Darling: A Movie that Digs Deep
I was recently invited to attend an online screening of “Darling”, which became the first Pakistani film to win the short film category at the Venice Film Festival 2019. Although the festival has recognised trans-themed movies before, Darling is the first movie with a trans actor to win at the Festival. That in itself says a lot about representation. But at its heart, Darling is a movie that has little to do with global representation and international acclaim. It is a movie made in Pakistan, for Pakistan and though it’s only 16 minutes long, it’s impression remains long after the movie is over.
Alina’s character is reflective of the actress Alina Khan and her own experiences as an upcoming transgender actress in Lahore. Saim Sadiq, the movie’s director said something about the visualisation of this experience that stuck with me. He said that Darling is not about the ‘trans experience’ in Pakistan, because there is no unanimous trans experience. It is a personal story following the life of one person, and that life is explored beautifully. That is not to say the movie is not about representation. There are countless factors in the movie that target norms and cultures in our society that many people may have encountered at one point or another. But in honing in on one life, Sadiq adds a personal feel to the story that may never have been possible otherwise.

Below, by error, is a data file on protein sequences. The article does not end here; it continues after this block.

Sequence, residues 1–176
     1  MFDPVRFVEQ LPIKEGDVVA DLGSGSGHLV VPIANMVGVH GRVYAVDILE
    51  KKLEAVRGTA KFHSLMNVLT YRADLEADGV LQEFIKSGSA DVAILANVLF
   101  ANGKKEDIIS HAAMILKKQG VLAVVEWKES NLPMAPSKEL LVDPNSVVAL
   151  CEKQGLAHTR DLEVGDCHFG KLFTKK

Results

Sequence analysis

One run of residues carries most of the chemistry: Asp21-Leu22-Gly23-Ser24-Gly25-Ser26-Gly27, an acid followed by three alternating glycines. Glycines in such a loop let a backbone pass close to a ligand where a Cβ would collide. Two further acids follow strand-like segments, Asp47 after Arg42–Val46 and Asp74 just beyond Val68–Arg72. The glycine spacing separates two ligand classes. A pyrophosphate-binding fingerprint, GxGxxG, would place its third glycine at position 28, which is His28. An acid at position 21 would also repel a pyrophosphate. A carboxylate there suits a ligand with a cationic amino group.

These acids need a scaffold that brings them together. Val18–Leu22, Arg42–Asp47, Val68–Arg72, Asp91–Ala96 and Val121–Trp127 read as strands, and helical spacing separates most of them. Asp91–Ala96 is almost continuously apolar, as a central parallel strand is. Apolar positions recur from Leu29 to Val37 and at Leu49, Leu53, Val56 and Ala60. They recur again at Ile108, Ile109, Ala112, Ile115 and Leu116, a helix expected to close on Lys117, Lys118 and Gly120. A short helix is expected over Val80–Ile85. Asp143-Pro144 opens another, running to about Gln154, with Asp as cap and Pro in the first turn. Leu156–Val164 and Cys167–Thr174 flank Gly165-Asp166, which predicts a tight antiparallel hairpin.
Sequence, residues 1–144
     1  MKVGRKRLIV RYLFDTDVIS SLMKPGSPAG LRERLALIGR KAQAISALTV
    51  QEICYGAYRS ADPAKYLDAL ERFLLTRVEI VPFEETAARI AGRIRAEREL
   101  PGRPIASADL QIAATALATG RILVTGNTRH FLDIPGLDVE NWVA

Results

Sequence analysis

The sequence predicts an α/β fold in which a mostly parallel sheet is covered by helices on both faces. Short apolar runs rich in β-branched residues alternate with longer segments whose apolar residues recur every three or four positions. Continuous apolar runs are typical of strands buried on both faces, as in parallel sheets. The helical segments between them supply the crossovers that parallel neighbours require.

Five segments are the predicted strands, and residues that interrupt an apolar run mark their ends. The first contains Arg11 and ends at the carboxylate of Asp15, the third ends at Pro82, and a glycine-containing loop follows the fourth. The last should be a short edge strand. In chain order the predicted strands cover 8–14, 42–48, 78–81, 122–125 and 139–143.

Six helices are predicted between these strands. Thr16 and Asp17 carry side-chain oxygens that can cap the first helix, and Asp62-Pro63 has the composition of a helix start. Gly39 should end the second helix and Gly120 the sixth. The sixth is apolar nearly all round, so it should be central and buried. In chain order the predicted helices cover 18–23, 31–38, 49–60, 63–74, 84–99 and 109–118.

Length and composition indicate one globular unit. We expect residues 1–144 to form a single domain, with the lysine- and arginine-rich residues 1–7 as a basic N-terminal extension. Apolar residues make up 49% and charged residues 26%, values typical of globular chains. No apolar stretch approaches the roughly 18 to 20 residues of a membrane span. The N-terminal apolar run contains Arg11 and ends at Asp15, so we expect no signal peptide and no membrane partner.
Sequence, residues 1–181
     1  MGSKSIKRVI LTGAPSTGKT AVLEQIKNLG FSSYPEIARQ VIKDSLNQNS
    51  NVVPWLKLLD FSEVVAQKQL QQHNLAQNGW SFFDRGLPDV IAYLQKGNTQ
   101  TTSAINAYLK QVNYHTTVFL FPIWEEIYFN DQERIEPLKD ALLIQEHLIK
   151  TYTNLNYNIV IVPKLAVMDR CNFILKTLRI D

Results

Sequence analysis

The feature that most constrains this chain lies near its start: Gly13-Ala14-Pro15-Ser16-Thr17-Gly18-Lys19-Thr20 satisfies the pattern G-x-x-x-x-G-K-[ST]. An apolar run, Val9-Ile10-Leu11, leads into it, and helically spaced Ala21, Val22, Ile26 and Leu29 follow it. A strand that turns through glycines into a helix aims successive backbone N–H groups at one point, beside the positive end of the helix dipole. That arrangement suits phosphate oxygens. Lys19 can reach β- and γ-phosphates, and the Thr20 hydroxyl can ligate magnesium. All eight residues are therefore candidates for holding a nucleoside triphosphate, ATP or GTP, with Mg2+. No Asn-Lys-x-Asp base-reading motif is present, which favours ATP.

Khan made her acting debut with Darling - an interesting parallel since the film follows Alina’s attempts to find work in the theatre. Alina is assisted by Shani, a boy who clearly has feelings for her but is constantly having to justify it to his friends because they don’t consider Alina to be a female. It's a battle Alina is shown to face constantly throughout the film. The director of the play refuses to let her audition because “iss theatre mein mard aur auraton ke roles hain, aur tum dono nahin ho”. Where most people would balk at such a rejection, Alina perceives the comments in a whole different way and chooses to play the part of a male dancer in the play instead. Sadiq mentioned that this choice also reflects Khan’s own experience who once told him that when she is dancing, it doesn’t matter who she is dressed as because she feels beautiful. In many ways, the film is a raw depiction of Alina’s journey in self-love. She is so unashamedly herself that having to dress up as a male does little to affect her own sense of identity. It’s not just the play she dresses up for, she also does so in front of her parents and while praying - but as she tells Shani “ lagne se ban thori na jaon gi.” Speaking of Shani, he also plays an interesting role. His feelings for Alina are clear, but so is his concern for public appearances, which comes as a stark contrast to Alina’s own confidence in her identity. Shani’s insecurity comes from the fact that he loves her as a female and so feels uncomfortable when she is dressed up as a man. Saim explained this in a very intriguing way. He said that in finding Alina beautiful, Shani finds himself questioning his own masculinity and feels confused, which is hard because we often don’t give people the space to be confused.
Much like the reality in Pakistani society, “Darling” shows a blurring of lines between love and sexuality. The over sexualisation of women in Pakistani society is hard to ignore, yet is consistently brushed under the carpet by most as an accepted norm. Darling is a reminder of the personal lives that are affected by this and the experience of one trans woman as she navigates a precarious balance between love, acceptance and questioning whatever ‘normal’ is.